Public Health Wales: Further MMR vaccinations take place in response to measles outbreak

Posted on Thursday 15th June 2017

Successful vaccination sessions have been held at six primary schools in the same locality as a Newport high school at the centre of a measles outbreak.

MMR vaccinations were offered to pupils at Somerton Primary School, Lliswerry Primary School, Eveswell Primary School, St. Andrew's Primary School, Pillgwenlly Primary School and Maindee Primary School on Friday.

A total of 171 pupils were vaccinated in the sessions, following 123 children at Lliswerry High School being vaccinated earlier last week.

The sessions follow the confirmation of five cases of measles linked with the high school. The most recent confirmed case is in a child who became unwell early last week.

Public Health Wales continues to urge parents to ensure their children have received two doses of the MMR vaccine to protect them against measles and its complications.

Children with measles symptoms - which include a fever, cough, runny nose, red eyes (conjunctivitis), and a distinctive red rash - should be kept home from school.

Parents who suspect their child has measles should contact their GP or NHS Direct Wales on 0845 46 47 for an assessment. They should also alert their GP of the symptoms before attending any appointment.

Heather Lewis, Consultant in Health Protection for Public Health Wales, said: "We are pleased with the uptake of the MMR vaccine at the Newport schools where we have undertaken vaccination sessions and continue to work to ensure we do everything we can to limit the spread of measles infection.

"Measles is highly infectious and the only way to prevent large outbreaks is through vaccination. We urge parents whose children are not up to date with two doses of MMR to ensure that they contact their surgery immediately to arrange this quick, safe and effective vaccine."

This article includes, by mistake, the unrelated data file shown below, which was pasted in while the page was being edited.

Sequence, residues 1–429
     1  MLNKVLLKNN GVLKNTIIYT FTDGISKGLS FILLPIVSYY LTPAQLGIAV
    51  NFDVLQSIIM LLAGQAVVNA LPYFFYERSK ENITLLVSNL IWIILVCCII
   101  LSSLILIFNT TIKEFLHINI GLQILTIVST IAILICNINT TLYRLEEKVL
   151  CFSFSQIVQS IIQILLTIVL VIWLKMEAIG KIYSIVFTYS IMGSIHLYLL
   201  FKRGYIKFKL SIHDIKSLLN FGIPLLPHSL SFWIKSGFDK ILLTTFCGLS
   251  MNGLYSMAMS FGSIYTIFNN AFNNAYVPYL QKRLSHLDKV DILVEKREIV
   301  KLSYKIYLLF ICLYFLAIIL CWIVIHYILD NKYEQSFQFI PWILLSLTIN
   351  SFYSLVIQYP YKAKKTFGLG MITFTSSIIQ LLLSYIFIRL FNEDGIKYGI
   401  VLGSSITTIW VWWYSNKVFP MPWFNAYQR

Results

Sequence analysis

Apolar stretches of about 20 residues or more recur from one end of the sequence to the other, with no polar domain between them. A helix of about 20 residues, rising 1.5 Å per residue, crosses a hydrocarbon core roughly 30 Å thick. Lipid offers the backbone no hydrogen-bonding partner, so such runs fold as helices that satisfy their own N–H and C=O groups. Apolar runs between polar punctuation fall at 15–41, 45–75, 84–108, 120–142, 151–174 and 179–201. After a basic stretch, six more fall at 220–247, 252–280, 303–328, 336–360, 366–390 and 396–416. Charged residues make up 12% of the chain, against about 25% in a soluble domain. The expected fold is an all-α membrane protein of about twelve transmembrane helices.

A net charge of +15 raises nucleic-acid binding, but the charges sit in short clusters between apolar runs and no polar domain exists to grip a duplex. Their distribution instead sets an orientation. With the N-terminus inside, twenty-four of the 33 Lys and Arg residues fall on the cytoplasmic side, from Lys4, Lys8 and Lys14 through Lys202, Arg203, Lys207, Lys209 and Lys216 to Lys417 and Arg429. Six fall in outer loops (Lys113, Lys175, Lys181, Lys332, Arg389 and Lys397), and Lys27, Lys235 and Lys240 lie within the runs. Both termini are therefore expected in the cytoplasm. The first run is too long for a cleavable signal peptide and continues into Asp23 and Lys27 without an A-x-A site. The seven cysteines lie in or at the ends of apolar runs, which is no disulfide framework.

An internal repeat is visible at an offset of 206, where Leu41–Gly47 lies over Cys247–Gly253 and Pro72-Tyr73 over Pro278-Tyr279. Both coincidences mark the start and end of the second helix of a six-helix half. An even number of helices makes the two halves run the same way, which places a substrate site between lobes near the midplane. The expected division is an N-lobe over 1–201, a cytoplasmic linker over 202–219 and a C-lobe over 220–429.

Adults born since 1970, who have never had measles or the MMR vaccine, are also urged to ensure they contact their surgery about vaccination, especially if they work with children.

The first dose of MMR is usually given to babies at between 12 and 13 months of age, and the second at three years and four months of age, but it is never too late to catch up on missed doses.

The MMR vaccine is recommended by the World Health Organization, UK Department of Health and Public Health Wales as the most effective and safe way to protect children against measles.

About 1 in 5 children with measles can experience serious complications such as ear infections, pneumonia or meningitis. One in 10 children with measles ends up in hospital and in rare cases it can be fatal.

Further information on measles, including a link to a video testimony from a mother whose three year old unvaccinated daughter contracted measles, is available at


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